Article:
The summit of Mauna Kea is called Puu Wekiu and it is at an elevation of 13,796 feet. This is the highest point of land in the Pacific Basin. An interesting fact about Mauna Kea is that if measured from the bottom of the ocean floor, it reaches nearly 30,000 feet which would make it the tallest peak on earth.
Visitors flock to Mauna Kea for a variety of reasons. There are 11 domes and 13 telescopes at the peak of Mauna Kea which attracts professional and amateur astronomers alike. Others come for the amazing viewpoints, unique bird watching and rugged hiking. Others come to Mauna Kea just to say they did so.
The drive up Mauna Kea takes about an hour. At the start, the driver will see typical Hawaiian tropical vegetation. As you pass sea level, the landscape changes to grass pastures and then into raggedy looking forests of koa and ohia trees. These thin out at 6,000 feet and the landscape becomes dominated by barren lava flows. The sub alpine regions found after the 6,500 foot level still support a few koa and ohia trees and even the rare mamane tree. All vegetation beyond 8,500 feet becomes very scarce.
The mountain is home to some excellent bird watching. The rare, yellow-crowned palila bird can be seen here. The endangered Hawaiian honey-creeper can be seen here as well. This bird only feeds on the seed pods from the scarce mamane tree. Less rare, but still interesting birds such as the uau (Hawaiian petrels), nene (Hawaiian geese), io (Hawaiian hawks) can also be seen on Mauna Kea.
The first step to reaching Mauna Kea is to drive Saddle Road (Route 200). This road is listed as off-limits by many of the car rental agencies. Thrifty will allow its rental cars on saddle road but advises against this practice. The roads are narrow with little or no shoulders and there are no emergency phones on this route should you encounter a problem.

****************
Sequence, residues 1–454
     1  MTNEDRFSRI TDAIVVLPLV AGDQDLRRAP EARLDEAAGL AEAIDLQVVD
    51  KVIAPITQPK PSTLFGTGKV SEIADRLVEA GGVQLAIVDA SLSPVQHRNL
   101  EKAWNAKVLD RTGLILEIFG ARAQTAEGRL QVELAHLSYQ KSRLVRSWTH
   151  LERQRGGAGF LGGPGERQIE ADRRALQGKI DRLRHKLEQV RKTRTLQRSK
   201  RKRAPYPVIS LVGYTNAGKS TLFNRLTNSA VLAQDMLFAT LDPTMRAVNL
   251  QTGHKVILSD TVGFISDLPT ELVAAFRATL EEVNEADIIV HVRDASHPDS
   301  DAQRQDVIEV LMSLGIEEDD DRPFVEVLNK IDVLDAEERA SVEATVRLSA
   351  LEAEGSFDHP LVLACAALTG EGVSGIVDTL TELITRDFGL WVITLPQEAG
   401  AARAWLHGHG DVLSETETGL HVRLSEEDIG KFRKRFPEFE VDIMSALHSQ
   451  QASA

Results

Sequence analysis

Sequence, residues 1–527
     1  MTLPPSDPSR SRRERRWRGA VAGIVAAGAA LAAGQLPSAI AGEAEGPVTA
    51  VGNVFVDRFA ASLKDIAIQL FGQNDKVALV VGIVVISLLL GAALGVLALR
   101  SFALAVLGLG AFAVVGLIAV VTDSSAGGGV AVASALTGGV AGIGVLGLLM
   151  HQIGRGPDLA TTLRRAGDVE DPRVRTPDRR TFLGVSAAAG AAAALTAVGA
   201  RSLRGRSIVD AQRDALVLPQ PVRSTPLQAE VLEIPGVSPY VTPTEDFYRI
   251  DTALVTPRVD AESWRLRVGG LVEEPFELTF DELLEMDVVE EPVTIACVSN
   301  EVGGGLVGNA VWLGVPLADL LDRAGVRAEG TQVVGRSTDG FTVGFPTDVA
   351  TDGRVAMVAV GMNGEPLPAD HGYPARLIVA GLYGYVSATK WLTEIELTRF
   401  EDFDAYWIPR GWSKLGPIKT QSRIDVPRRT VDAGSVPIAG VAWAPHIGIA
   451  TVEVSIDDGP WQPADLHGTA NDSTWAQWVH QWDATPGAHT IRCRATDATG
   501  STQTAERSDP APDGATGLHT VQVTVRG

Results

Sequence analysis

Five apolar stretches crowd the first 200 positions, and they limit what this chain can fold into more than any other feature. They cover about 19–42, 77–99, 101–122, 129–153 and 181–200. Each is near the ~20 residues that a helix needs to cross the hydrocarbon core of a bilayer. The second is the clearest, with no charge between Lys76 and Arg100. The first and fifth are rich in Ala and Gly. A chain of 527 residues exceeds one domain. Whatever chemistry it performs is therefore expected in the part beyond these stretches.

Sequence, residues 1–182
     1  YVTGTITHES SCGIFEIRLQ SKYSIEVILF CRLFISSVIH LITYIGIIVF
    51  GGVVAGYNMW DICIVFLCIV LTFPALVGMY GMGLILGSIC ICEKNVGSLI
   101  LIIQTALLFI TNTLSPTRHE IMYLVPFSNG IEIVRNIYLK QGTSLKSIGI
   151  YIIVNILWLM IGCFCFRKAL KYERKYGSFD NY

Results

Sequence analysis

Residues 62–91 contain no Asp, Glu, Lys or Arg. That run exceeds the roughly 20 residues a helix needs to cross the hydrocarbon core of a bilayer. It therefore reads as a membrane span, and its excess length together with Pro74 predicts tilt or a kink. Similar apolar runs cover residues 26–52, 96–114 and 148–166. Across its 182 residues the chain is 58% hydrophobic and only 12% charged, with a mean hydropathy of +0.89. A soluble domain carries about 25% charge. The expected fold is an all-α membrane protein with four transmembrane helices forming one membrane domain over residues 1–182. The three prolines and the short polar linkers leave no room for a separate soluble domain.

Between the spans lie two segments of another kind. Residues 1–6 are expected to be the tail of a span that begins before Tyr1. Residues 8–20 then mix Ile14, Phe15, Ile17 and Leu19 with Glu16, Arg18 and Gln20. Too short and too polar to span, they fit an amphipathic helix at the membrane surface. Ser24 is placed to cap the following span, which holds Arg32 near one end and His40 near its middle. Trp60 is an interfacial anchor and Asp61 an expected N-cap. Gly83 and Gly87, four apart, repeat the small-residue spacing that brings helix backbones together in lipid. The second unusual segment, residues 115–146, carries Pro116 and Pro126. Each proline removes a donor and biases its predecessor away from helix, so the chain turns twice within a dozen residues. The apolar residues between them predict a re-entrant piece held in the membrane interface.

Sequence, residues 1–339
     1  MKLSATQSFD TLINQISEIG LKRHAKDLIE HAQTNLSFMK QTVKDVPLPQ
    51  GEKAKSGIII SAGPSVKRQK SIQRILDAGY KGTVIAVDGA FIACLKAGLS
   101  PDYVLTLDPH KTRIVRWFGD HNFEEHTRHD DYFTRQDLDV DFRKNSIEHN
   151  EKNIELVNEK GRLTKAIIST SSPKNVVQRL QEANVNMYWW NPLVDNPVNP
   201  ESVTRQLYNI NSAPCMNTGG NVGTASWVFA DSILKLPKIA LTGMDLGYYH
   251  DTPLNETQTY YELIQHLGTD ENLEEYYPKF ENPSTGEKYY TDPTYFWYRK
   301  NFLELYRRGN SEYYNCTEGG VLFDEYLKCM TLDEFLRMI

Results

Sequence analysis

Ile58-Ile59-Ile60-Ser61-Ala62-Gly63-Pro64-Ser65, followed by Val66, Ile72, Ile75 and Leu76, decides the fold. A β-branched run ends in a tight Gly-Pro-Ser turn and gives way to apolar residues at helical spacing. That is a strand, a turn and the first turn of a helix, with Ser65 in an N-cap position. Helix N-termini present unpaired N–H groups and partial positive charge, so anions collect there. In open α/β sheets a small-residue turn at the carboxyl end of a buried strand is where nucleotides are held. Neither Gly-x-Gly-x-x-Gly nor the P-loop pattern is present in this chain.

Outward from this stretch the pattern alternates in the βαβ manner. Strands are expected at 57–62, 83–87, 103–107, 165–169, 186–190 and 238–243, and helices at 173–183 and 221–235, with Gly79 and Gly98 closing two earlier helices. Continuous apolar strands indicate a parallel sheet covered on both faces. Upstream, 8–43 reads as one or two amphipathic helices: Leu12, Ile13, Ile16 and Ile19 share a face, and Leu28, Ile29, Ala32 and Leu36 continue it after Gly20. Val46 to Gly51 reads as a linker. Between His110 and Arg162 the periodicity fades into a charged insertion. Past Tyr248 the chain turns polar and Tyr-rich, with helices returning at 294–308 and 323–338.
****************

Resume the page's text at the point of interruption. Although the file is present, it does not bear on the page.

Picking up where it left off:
You take the turn off from Saddle Road to Hale Pohaku and the Onizuka Center for International Astronomy Visitor Information Station. This leg lasts 7 miles and takes the traveler to 9,300 feet. This section can be driven by a normal car but it does feature very steep and windy roads. If you are driving a Thrifty rental car, the Visitor Center is as far as you are allowed to go. Harper’s Car and Truck Rental does rent vehicles for the exact purpose of getting from the Visitor Center to the observatory.
Please remember to bring warm clothing on this journey. Even in the summer temperatures can reach the low 40s. Also make sure to fill up the gas tank before you go. The steep grade and thin air pushes the car into very poor gas mileage and there is nowhere to fill up at the top.
(2006 – February) Steven Anderson is the Reservations Director for Hawaiian Discount Car Rentals, specialists in Maui car rentals. He has personally driven to the top of Mauna Kea and rates it as one of the most panoramic views in his travels to Hawaii. Please visit http://www.hawaiidrive-o.com.